From the Denver Post
BROOMFIELD — As he relentlessly rumbled forward, never backpedaling, patient Russian slugger Ruslan Provodnikov stalked a victory Saturday night against Denver's Mike Alvarado.
After he knocked down Alvarado a second time in the decisive eighth round, Provodnikov turned and screamed, showing a mouthful of blood.
It was that kind of fight, all blood and guts, until Alvarado shook his head no.
Provodnikov — in front of a hostile, booing Colorado crowd chanting "303" for their hometown champion — won the World Boxing Organization junior welterweight title with a 10th-round technical knockout.
"It's the same as Sugar Ray Leonard when he beat Roberto Duran and he said I don't want to fight anymore," said Provodnikov, the "Siberian Rocky." "This is the best way I could become the champion. I made him not want to fight me anymore."
For Alvarado (34-2), it was not a dream homecoming. Fighting in Colorado for the first time since 2011 — in the first major boxing title fight here since 2000 — Alvarado was beaten at his own game.
Over his past four fights, Alvarado gained a national reputation as an exciting, brawling fighter. But he also showed flashes of boxing brilliance in beating Brandon Rios in March.
Against Provodnikov (23-2), Alvarado lost rounds by trading heavy shots, then won them back by moving and boxing. He fell behind in the first and third after pressing his forehead against the Russian and swinging away. But Alvarado rallied in the second and fourth rounds when he punched and moved.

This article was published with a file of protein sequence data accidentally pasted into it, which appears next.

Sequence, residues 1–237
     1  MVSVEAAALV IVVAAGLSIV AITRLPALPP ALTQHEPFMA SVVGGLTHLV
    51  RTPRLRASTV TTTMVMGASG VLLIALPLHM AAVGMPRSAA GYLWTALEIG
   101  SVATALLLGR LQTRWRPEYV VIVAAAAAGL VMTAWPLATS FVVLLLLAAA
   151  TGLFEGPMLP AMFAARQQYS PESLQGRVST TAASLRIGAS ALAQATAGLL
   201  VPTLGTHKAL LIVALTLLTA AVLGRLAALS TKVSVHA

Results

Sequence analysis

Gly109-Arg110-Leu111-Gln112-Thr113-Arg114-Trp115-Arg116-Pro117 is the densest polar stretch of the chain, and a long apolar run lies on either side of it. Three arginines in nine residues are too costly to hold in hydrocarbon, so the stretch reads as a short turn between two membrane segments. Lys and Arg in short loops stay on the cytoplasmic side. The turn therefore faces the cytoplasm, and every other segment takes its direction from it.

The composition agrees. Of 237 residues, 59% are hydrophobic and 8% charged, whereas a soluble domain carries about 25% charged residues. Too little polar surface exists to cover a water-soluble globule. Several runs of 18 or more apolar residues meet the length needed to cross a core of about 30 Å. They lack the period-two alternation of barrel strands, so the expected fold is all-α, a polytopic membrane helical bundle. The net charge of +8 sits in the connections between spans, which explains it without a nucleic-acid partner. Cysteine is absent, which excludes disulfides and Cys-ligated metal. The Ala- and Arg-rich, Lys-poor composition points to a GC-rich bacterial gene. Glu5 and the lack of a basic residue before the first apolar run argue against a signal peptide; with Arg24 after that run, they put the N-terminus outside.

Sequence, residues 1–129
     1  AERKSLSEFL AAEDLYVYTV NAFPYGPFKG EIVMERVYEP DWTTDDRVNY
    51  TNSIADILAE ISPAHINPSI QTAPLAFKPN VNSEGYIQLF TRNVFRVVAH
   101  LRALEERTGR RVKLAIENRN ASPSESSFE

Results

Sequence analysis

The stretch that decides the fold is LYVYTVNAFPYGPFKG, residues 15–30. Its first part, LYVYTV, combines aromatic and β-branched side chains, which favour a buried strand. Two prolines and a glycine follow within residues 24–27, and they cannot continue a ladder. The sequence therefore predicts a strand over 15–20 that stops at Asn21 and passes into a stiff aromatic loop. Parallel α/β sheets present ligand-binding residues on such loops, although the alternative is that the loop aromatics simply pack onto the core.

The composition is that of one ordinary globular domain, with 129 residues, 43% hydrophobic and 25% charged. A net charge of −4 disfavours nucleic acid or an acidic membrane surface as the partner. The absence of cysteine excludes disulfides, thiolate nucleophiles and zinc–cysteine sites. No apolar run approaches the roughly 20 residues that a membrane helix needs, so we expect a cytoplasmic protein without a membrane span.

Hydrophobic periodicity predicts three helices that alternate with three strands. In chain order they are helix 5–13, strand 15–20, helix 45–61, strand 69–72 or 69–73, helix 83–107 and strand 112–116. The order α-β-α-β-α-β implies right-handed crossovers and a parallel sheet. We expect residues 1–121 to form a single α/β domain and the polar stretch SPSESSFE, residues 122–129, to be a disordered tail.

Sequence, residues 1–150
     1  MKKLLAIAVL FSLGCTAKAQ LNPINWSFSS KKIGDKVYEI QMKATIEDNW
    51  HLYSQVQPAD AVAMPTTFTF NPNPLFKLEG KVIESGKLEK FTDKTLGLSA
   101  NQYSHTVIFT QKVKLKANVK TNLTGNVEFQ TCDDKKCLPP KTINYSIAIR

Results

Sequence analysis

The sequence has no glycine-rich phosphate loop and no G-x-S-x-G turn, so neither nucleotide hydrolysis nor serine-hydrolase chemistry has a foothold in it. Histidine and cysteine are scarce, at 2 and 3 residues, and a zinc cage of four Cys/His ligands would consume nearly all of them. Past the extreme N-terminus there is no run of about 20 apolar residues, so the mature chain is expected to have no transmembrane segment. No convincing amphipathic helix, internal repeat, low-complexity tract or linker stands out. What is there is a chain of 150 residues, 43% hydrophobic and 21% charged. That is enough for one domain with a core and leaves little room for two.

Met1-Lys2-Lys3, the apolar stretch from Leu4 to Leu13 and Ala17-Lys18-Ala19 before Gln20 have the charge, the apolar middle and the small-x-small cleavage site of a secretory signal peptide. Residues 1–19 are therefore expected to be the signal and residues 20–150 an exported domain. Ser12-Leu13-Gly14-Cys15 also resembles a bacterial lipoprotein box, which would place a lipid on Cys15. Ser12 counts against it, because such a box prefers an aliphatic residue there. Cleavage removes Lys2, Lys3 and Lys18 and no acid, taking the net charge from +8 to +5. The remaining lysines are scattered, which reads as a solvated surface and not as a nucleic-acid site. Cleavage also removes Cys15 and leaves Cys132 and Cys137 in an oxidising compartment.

By the eighth round, Alvarado's distance was closed off. Provodnikov twice drew him into a melee against the ropes.
Mike Alvarado is knocked to the ground for the first time after taking huge shots against Russian Ruslan Provodnikov. More photos. (Joe Amon, The Denver Post)
In the end, the two landed nearly the same number of jabs. But Provodnikov outnumbered in total punches, power punches and body shots.
"There's no excuse. I was winning that fight," Alvarado said.
After the 10th, referee Tony Weeks said he twice asked Alvarado if he wanted to continue. "And Mike said each time, 'No.' "
Alvarado's longtime trainer, Shann Vilhauer, was fuming about his fighter's tactics.
"I think he just started reading all these clips after the Rios fight, that he was a great boxer," Vilhauer said. "And he got away from what he's best at. This guy was tailor-made for him. He didn't take advantage."
Despite the loss, the next step in Alvarado's career likely won't be backward. He could move up to the jam-packed 147-pound welterweight division. And Provodnikov's promoter, Art Pelullo, suggested he'd be open for a rematch.
A rubber match third fight between Alvarado and Rios also could be in the offing. And Manny Pacquiao holds bargaining power.
"I have a lot of heart," Alvarado said. "I'm not a quitter."
From the Denver Post